undersea taps

Eugene.Leitl at lrz.uni-muenchen.de Eugene.Leitl at lrz.uni-muenchen.de
Sun Jun 3 15:03:59 EDT 2001

Military intelligence folks have always been very adept in
playing with the press. By throwing a juicy sausage one after 
another into the kennel, you can keep the dogs chasing their own
tails indefinitely. (It's fun, too, unless you happen to be a dog).

Professional paranoia would seem to require to assume any 
disclosures about spooks' limitations and capabilities to be 
deliberately planted, attempting to hog limited resource (human 
attention span and mentation). An advanced sleight of hand, to 
distract your attention from what is really going on, so to speak.
(Pray pay no attention to the man behind the curtain).

Whether they're really tapping them, or not, and by whatever means,
the sane assumption is that everything that goes out in clear is 
stored for later analysis, if any.

The real issue, of course, is to get strong cryptography deployed
ubiquitously, so that anything intercepted will require considerable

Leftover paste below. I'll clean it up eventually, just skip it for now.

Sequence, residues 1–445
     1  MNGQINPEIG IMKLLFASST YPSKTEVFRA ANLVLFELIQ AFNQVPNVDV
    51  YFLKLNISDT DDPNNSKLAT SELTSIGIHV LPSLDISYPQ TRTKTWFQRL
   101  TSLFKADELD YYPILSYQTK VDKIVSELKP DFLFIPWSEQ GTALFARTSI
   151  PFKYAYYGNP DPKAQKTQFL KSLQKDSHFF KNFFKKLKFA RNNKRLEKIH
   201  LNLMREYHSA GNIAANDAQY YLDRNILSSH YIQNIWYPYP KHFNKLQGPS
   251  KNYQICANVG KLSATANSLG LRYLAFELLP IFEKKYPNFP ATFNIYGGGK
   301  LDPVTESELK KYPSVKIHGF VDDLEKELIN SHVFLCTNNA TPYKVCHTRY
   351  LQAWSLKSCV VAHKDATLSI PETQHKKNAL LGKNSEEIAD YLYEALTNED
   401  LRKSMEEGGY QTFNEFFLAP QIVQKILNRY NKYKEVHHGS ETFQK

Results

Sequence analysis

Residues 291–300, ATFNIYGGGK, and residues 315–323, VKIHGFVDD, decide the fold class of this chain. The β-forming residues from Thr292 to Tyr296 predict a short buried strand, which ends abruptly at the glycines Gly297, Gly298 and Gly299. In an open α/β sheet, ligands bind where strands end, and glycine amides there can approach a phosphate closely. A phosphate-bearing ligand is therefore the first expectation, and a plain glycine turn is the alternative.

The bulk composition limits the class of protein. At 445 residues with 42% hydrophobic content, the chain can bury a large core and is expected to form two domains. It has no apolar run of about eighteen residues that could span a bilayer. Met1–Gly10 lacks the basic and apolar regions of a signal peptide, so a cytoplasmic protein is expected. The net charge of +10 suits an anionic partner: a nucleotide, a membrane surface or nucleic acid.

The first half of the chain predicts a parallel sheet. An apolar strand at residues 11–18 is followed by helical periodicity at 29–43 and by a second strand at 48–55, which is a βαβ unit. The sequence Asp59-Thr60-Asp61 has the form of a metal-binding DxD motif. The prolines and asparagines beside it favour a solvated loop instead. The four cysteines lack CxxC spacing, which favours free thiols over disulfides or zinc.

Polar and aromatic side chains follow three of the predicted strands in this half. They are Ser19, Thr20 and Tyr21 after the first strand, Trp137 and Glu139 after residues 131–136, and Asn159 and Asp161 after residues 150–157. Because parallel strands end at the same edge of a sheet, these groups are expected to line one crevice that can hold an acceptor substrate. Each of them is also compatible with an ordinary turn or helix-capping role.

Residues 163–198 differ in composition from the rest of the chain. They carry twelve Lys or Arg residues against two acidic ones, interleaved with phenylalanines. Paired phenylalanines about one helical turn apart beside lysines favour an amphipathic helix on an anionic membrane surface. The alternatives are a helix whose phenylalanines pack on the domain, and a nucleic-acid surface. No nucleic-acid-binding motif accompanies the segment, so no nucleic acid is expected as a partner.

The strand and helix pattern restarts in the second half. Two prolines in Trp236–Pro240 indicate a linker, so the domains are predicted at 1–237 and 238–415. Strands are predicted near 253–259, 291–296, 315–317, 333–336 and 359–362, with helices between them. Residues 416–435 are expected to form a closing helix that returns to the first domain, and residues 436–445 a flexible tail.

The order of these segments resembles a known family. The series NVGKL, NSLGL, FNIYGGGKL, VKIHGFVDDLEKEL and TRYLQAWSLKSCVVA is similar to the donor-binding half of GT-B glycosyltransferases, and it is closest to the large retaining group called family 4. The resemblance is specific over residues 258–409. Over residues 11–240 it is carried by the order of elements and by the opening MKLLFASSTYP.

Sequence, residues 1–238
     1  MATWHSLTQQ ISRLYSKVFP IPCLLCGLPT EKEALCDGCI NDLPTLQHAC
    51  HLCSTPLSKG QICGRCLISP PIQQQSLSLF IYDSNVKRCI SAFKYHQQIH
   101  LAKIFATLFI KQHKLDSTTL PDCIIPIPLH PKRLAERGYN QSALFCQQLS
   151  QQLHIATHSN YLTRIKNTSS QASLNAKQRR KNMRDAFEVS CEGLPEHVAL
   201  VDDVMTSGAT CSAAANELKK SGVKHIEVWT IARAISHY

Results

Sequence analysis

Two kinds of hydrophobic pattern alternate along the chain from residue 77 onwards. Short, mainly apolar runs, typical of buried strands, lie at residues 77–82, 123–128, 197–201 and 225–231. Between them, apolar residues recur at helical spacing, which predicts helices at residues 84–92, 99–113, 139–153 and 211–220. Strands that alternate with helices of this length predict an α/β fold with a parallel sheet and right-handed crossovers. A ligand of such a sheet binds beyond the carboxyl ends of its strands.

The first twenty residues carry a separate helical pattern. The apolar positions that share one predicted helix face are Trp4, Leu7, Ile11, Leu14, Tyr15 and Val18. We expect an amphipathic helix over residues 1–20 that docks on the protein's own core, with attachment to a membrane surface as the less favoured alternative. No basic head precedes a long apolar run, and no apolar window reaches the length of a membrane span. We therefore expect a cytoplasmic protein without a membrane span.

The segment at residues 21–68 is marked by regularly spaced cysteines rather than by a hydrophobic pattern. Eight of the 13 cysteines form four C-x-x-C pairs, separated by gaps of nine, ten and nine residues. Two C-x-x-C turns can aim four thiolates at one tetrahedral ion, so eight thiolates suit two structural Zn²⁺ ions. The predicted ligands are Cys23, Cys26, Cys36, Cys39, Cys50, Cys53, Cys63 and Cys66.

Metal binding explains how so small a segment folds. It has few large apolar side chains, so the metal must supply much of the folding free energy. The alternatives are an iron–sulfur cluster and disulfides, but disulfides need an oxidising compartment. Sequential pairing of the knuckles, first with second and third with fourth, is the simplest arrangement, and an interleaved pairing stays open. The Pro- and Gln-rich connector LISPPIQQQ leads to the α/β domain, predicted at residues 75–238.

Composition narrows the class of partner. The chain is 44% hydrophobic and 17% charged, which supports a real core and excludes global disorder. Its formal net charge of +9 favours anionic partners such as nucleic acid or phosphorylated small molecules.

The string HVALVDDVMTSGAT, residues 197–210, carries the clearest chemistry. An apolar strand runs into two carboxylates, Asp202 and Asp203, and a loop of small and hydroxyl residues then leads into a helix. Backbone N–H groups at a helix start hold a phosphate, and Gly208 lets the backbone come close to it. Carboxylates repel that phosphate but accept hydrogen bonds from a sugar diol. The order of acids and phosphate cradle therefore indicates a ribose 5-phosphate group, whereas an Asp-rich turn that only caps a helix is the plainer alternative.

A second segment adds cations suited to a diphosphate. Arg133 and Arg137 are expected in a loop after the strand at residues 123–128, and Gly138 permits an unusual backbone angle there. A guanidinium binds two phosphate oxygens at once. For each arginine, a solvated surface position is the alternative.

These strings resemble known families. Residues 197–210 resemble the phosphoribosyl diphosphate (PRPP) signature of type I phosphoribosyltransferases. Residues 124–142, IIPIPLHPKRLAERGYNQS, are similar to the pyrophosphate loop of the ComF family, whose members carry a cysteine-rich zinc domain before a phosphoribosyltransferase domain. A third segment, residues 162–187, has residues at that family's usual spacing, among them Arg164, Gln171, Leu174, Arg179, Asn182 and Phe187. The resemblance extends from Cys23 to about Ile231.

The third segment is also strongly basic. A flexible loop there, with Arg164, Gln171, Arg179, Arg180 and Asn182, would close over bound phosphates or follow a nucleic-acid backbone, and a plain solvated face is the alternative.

resources (whether man in the middle (by no means academic, if you
control the bulk of the traffic), or breaking a cryptosystem),
and making mass screening for keywords (such as in this mail -- 
welcome to Echelon's database, email is low-bandwidth, and storage
is cheap these days) impractical.

"Perry E. Metzger" wrote:
> To me, it seems reasonably obvious that the targets of undersea
> tapping would not be cables that make landfall in the U.S., but those
> that do not. The point would be to tap lines that travel between two
> non-US landfalls. The US is not a terminus for all the world's
> communications, although it is involved in a surprising fraction of
> international calls...

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